Recharge rates of nitrate (NO3-) to groundwater beneath agricultural land commonly are greater than discharge rates of NO3- in nearby streams, but local controls of NO3- distribution in the subsurface generally are poorly known. Groundwater dating (CFC, 3H) was combined with chemical (ions and gases) and stable isotope (N, S, and C) analyses to resolve the effects of land use changes, flow patterns, and water-aquifer reactions on the distributions of O2, NO3-, SO4=, and other constituents in a two-dimensional vertical section leading from upland cultivated fields to a riparian wetland and stream in a glacial outwash sand aquifer near Princeton, Minnesota. Within this section a "plume" of oxic NO3--rich groundwater was present at shallow depths beneath the fields and part of the wetland but terminated before reaching the stream or the wetland surface. Groundwater dating and hydraulic measurements indicate travel times in the local flow system of 0 to >40 years, with stratified recharge beneath the fields, downward diversion of the shallow NO3--bearing plume by semiconfining organic-rich valley-filling sediments under the wetland and upward discharge across the valley and stream bottom. The concentrations and ??15N values of NO3- and N2 indicate that the NO3- plume section was bounded in three directions by a curvilinear zone of active denitrification that limited its progress; however, when recalculated to remove the effects of denitrification, the data also indicate changes in both the concentrations and ??15N values of NO3- that was recharged in the past. Isotope data and mass balance calculations indicate that FeS2 and other ferrous Fe phases were the major electron donors for denitrification in at least two settings: (1) within the glacial-fluvial aquifer sediments beneath the recharge and discharge areas and (2) along the bottom of the valley-filling sediments in the discharge area. Combined results indicate that the shape and progress of the oxic NO3- plume termination were controlled by a combination of (1) historical and spatial variations in land use practices, (2) contrast in groundwater flow patterns between the agricultural recharge area and riparian wetland discharge area, and (3) distribution and abundance of electron donors in both the sand aquifer and valley-filling sediments. The data are consistent with slow migration of redox zones through the aquifer in response to recharging oxic groundwater during Holocene time, then an order-of-magnitude increase in the flux of electron acceptors as a result of agricultural NO3- contamination in the late twentieth century, to which the redox zone configuration still may be adjusting. The importance of denitrification for NO3- movement through formerly glaciated terrains should depend on the source areas and depositional environments of the glacial sediments, as well as geomorphology and recent stream-valley sediment history.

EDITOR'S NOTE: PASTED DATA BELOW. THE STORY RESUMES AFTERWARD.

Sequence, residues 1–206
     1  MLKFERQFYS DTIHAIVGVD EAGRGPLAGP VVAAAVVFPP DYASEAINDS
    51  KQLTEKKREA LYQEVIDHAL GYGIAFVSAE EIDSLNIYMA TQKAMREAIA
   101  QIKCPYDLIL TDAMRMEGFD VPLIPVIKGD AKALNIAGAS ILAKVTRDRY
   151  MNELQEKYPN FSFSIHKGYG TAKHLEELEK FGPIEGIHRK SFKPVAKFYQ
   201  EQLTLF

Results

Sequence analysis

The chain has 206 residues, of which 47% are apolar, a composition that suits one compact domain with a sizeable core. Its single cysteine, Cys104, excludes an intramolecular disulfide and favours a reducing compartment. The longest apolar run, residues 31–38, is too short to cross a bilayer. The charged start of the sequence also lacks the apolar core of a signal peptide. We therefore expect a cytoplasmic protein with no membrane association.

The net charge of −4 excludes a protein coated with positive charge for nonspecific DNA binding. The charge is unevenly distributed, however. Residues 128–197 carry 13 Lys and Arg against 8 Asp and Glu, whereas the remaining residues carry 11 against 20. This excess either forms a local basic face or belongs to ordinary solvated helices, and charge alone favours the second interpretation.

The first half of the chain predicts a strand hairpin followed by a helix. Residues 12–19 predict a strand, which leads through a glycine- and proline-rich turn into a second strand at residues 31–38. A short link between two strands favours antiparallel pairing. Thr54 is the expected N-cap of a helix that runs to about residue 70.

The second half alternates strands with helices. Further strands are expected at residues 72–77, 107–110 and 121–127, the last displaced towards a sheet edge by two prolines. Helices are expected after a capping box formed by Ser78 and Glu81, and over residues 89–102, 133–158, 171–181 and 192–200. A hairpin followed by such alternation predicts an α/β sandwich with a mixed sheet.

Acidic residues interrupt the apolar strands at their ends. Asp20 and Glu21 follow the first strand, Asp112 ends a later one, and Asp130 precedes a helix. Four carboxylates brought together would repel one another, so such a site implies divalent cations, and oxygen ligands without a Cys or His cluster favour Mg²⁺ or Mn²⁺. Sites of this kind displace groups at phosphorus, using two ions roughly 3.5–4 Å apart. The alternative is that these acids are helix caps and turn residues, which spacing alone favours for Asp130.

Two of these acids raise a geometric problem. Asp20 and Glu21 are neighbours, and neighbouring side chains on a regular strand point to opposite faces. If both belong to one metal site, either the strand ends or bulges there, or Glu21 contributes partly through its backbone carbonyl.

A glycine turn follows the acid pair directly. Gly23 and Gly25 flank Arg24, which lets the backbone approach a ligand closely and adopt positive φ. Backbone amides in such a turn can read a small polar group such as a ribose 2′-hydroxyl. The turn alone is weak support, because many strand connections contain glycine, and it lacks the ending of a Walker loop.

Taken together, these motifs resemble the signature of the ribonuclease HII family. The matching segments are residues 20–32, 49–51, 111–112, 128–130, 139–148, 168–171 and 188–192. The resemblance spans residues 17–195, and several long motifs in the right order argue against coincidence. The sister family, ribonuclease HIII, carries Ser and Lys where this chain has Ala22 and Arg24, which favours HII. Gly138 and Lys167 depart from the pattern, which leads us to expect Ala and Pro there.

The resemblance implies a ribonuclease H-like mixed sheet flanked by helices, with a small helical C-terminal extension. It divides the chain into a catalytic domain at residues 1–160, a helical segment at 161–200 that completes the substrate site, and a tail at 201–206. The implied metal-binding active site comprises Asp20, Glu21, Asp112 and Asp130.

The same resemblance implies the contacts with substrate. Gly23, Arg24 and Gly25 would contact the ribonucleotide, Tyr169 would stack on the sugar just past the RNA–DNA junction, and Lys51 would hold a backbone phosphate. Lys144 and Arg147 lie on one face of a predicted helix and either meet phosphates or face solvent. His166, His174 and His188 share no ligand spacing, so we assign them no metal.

Additional publication details
Denitrification in the recharge area and discharge area of a transient agricultural nitrate plume in a glacial outwash sand aquifer, Minnesota